Objectives: To examine hearing preservation rates, facial nerve outcomes, and tumor recurrence rates in patients with neurofibromatosis Type 2 undergoing a primary middle cranial fossa approach for vestibular schwannoma removal.
Study design: Retrospective chart review.
Setting: Private practice tertiary neurotology referral center.
Patients: All patients with neurofibromatosis Type 2 undergoing attempted hearing preservation via a middle cranial fossa approach for removal of vestibular schwannoma from January 1, 2000, to June 1, 2010.
Intervention: Primary middle cranial fossa approach for removal of vestibular schwannoma.
Main outcome measures: Preoperative, postoperative, and change in hearing thresholds, word recognition scores, and American Academy of Otolaryngology-Head and Neck Surgery hearing class, House-Brackmann facial nerve grade, and tumor recurrence.
Results: Class A or B hearing according to the American Academy of Otolaryngology-Head and Neck Surgery was maintained in 50% of cases, whereas 63.6% had Class A, B, or C hearing, with an average word recognition score of 93.8% at an average follow-up period of 32.5 months. Facial nerve outcomes were excellent; 75% of cases maintained House-Brackmann Grade 1, whereas 94.3% had Grade 1 or 2 at an average of 25 months after surgery. Tumor growth within the surgical field was observed radiographically in 59% of cases.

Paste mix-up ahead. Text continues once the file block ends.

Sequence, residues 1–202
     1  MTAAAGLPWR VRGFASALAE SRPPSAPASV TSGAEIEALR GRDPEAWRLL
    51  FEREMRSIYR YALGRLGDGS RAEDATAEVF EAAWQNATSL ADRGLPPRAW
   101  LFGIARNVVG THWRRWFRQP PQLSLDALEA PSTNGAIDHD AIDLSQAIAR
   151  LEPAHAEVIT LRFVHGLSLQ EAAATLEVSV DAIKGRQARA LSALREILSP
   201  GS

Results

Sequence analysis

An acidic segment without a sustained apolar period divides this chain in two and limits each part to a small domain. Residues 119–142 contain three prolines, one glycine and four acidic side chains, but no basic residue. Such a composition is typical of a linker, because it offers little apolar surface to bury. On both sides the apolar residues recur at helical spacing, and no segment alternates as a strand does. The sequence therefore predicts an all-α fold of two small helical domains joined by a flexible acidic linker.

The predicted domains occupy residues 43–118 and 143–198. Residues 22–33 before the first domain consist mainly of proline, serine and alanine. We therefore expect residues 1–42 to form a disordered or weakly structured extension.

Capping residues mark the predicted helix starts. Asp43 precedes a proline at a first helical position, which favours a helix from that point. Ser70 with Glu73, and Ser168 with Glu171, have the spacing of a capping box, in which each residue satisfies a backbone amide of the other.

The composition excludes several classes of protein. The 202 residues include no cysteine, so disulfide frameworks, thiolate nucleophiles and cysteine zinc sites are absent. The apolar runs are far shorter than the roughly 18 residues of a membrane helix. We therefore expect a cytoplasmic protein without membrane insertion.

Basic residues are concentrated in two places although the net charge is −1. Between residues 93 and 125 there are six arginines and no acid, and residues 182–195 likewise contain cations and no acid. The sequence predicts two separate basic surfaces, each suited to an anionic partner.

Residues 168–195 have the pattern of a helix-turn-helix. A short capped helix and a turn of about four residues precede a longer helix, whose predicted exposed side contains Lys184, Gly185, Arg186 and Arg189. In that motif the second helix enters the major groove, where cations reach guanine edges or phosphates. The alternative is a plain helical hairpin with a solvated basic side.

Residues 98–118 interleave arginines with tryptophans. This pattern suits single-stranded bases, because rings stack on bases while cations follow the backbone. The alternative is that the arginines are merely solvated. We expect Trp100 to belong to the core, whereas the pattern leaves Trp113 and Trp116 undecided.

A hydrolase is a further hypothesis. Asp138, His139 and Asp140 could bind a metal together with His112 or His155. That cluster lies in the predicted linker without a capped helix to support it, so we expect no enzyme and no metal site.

Conclusion: In patients with neurofibromatosis Type 2, proactive treatment of smaller tumors provides a chance to maintain serviceable hearing and obtain tumor control for extended periods. When examining hearing outcomes, it is important to use word recognition scores, in addition to American Academy of Otolaryngology-Head and Neck Surgery hearing class, to better assess functionality. Although facial nerve outcomes tend to be favorable, the growth of new tumors, including facial schwannomas, may occur within the surgical field. Continued surveillance with serial magnetic resonance scans after surgery is mandatory.